The University of Texas Austin Battles a Tumultuous Legacy
With the hiring of Shaka Smart as head coach of its men’s basketball team in early April, The University of Texas at Austin became one of only three schools in all of NCAA Division I sports (the others being Georgia State University and Stanford University) with Black men at the helm of both of the school’s revenue sports.
The magnitude of this announcement is amplified by what has been a complicated legacy of race at the flagship Texas institution.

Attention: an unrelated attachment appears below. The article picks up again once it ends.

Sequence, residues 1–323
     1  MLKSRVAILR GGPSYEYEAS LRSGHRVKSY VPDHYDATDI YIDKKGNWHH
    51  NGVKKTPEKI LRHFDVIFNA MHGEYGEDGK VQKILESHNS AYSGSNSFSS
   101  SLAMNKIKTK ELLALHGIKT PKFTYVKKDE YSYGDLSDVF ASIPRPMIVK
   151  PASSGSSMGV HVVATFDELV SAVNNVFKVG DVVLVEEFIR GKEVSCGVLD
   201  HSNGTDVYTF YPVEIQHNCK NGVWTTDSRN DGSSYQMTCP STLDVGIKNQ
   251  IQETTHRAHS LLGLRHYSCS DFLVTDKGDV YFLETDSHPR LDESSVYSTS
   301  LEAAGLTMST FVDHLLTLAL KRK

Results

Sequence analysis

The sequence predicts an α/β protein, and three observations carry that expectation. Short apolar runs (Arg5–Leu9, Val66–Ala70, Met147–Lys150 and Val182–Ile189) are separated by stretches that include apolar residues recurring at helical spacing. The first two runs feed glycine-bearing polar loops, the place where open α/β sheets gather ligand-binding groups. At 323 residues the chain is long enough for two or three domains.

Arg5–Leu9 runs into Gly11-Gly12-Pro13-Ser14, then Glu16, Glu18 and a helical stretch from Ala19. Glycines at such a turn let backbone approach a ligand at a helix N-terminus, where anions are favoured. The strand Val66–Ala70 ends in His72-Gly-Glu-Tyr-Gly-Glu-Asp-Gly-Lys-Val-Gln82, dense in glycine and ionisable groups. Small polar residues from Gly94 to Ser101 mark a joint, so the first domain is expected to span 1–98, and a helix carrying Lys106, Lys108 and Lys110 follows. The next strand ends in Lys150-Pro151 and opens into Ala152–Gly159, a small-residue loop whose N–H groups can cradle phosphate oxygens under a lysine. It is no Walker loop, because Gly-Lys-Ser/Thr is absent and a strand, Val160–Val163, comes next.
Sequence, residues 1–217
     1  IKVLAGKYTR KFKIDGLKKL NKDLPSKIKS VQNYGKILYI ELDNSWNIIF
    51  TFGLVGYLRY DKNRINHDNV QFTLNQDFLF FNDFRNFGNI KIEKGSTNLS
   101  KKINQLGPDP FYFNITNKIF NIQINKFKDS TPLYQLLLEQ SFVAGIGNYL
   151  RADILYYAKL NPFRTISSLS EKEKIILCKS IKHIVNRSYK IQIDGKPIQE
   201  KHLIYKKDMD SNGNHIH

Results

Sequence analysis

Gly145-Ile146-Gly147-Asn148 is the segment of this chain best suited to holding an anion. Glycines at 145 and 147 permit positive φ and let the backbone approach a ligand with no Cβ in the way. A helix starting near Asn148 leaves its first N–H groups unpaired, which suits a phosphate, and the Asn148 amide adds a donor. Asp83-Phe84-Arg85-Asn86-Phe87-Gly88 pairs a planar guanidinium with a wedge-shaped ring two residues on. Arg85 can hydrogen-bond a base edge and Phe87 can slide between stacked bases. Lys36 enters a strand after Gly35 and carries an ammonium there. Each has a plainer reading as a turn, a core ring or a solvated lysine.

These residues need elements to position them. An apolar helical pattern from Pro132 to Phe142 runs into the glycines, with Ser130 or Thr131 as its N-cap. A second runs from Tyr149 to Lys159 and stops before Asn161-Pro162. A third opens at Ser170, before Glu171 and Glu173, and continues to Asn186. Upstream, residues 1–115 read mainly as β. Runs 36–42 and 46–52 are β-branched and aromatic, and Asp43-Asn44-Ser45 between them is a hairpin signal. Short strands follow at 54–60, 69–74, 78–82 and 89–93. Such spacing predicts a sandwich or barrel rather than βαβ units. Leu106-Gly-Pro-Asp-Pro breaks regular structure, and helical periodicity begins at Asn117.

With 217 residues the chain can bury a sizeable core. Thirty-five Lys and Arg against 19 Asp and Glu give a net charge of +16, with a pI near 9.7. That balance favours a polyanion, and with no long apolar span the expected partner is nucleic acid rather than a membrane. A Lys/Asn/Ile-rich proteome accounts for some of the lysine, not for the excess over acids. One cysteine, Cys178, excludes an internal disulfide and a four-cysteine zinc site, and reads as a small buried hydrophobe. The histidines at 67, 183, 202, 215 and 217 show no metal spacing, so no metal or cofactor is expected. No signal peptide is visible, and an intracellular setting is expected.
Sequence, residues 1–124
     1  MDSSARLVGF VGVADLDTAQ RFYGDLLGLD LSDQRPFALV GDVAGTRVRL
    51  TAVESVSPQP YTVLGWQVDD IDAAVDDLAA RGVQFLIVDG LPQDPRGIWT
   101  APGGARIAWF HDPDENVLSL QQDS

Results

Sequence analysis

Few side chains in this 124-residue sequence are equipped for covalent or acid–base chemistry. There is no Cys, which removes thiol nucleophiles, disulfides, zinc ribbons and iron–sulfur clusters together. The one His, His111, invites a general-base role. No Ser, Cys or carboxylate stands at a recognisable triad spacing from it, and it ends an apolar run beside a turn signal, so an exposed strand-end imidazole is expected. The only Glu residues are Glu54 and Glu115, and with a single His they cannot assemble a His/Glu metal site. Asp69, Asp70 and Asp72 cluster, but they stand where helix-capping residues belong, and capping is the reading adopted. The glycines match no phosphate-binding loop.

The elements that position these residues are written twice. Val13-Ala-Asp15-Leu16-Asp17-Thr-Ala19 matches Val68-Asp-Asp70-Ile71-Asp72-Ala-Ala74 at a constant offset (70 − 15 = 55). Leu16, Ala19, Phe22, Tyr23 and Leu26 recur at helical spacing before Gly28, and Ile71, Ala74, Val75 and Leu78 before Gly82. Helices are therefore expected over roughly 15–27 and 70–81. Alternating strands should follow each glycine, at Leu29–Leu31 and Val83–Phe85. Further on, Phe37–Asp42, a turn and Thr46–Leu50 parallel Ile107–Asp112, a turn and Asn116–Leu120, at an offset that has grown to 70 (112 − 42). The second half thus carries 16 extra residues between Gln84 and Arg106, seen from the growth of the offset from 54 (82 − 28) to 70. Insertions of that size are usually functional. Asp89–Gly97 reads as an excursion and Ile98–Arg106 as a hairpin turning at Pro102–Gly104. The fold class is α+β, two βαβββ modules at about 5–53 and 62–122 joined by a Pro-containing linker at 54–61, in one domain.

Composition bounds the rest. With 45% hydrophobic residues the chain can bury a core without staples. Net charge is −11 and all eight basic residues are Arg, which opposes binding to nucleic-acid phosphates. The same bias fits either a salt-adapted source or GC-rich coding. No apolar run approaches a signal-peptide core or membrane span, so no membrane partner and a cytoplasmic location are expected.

The University of Texas at Austin (UT-Austin) is the university from which three landmark Supreme Court cases on diversity in higher education have been born. These include Sweatt v. Painter, the 1950 case in which Thurgood Marshall would successfully argue against the “separate but equal” precedent set in 1896’s Plessy v. Ferguson case, blazing the way for 1954’s Brown v. Board of Education of Topeka. In Sweatt v. Painter, the court ruled that Heman Sweatt, a Black man, should be admitted into UT-Austin’s law school because the law school at Texas State University for Negroes was inferior.